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“Why Is a Meeting in San Remo 101 Years Ago So Important?”

 
Filed under: Israel

“Why Is a Meeting in San Remo 101 Years Ago So Important?”
San Remo, Italy, April 25, 1920, A resolution on a Jewish homeland in Palestine was declared by prime ministers of Britain (David Lloyd George), France (Alexandre Millerand), Italy (Francesco Nitti), and Japan’s Ambassador K. Matsui. (Wikimedia)

On April 29, 2021, Dr. Dore Gold, President of the Jerusalem Center, was interviewed by Professor Ugo Volli of Turin University in Shalom Magazine, published in Italy. Below is the translation of excerpts from “Siamo Ancora un Popolo Che Dimora Da Solo” – Intervista a Dore Gold

What is the 101-year-old San Remo Conference, and why is it important today?

In the late 19th and early 20th centuries, states were born through great international conferences. For example, the Congress of Berlin took former Ottoman territories in 1878 and granted them independence, creating Romania, Serbia, and Montenegro. Bulgaria also emerged from this division of Ottoman territories. After the First World War, international conferences of the victorious allied powers led to a division of formerly Ottoman territories as well. It was in San Remo, Italy, that the powers decided on the emergence of a national home for the Jewish People that established the State of Israel. The Balfour Declaration of 1917 was a statement of British policy; the San Remo Resolution of 1920 was a formal international treaty that was legally binding.

In the years between 1919 and 1922, many states were established. Why, after one century, is the right of the State of Israel to exist still disputed?

Israel is the only state whose legal foundation was rooted in acts of the League of Nations and the United Nations. Its legitimacy was backed by both bodies. But Israel is a state that is not protected by coalitions of countries. If a group of states wants to challenge the existence of Belgium, they will confront the collective power of the European Union. If Singapore’s existence is called into question, then the ASEAN states will “circle the wagons.” The American veto in the UN Security Council has provided Israel with protection from one-sided attacks on Israel. But that is not applicable in the General Assembly with its 193 members. Israel is still what the Bible (Numbers 23:9) describes as “a people that shall dwell alone, and shall not be reckoned among the nations.”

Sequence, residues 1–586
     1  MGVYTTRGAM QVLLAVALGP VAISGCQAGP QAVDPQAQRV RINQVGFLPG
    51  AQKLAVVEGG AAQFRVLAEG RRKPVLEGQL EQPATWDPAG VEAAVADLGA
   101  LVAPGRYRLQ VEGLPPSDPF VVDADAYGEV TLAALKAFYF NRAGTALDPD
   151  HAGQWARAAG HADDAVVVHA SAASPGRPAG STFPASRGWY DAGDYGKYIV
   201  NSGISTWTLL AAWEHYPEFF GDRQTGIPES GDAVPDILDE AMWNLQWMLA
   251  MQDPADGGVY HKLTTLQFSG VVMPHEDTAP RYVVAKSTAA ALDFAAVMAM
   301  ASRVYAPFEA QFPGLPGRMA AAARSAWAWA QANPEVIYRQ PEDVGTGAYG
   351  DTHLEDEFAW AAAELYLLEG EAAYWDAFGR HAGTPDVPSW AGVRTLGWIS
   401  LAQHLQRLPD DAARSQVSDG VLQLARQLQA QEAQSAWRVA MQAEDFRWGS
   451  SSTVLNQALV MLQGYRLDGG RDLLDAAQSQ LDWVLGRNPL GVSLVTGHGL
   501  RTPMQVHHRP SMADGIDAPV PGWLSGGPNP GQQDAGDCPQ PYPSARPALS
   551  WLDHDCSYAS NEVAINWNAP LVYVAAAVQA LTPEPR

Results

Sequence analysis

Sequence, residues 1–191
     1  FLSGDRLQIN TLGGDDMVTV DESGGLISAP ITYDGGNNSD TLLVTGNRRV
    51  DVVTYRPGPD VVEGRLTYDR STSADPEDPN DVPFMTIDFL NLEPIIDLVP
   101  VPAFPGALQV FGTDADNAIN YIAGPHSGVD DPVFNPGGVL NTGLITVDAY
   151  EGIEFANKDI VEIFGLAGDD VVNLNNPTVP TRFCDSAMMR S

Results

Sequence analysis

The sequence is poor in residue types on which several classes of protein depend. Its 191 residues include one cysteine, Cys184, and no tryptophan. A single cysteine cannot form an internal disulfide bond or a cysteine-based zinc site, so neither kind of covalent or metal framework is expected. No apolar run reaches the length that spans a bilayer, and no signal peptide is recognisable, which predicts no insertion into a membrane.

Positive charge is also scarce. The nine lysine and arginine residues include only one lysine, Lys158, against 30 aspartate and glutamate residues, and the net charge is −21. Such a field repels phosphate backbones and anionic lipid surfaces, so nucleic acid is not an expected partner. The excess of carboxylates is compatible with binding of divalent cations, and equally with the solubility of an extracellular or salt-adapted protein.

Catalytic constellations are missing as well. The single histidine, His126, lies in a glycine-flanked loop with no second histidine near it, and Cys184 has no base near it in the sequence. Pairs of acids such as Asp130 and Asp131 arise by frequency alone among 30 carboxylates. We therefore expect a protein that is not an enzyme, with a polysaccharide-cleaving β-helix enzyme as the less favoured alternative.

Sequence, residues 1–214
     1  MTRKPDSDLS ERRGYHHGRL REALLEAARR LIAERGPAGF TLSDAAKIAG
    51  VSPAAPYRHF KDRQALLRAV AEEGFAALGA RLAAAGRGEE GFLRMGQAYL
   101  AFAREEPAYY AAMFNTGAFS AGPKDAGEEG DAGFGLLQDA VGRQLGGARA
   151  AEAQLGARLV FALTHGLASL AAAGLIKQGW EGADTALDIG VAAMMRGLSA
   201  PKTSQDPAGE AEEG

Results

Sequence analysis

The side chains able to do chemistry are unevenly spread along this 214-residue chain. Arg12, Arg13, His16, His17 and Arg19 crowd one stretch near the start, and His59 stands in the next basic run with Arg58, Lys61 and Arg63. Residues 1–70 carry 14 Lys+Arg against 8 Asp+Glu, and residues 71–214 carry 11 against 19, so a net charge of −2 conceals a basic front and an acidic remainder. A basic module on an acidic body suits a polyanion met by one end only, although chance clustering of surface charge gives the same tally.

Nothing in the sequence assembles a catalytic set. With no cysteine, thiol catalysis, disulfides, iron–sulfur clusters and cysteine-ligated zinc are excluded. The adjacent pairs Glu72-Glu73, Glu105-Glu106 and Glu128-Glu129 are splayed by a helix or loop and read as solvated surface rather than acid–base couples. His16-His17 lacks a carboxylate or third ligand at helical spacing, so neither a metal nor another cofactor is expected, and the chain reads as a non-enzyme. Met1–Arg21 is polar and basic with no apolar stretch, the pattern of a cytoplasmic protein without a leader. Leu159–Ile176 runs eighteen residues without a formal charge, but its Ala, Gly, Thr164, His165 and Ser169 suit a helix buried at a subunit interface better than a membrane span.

Yet, after the Balfour Declaration, San Remo and the League of Nations, a large non-government organization, Human Rights Watch, can criticize the existence of the state of the Jewish People as “racist.” Is it a political issue, or is it anti-Semitism?

This is pure anti-Semitism. Why do French people have a right to France, but the Jewish people have no right to a state of their own? Double standards are one of the indicators that anti-Semitism is present. And the apartheid charge is yet another form of anti-Semitism that ignores the reality of modern Israel.

In apartheid South Africa, there were separate hospitals for blacks and whites. Anyone who visits an Israeli hospital, like Hadassah in Jerusalem, will see in the Emergency Room and all wards Arab and Jewish doctors working together taking care of Arab and Jewish patients. In the 1980s, Israel sent its air force into Africa to bring out Ethiopian Jews. Is that an apartheid state?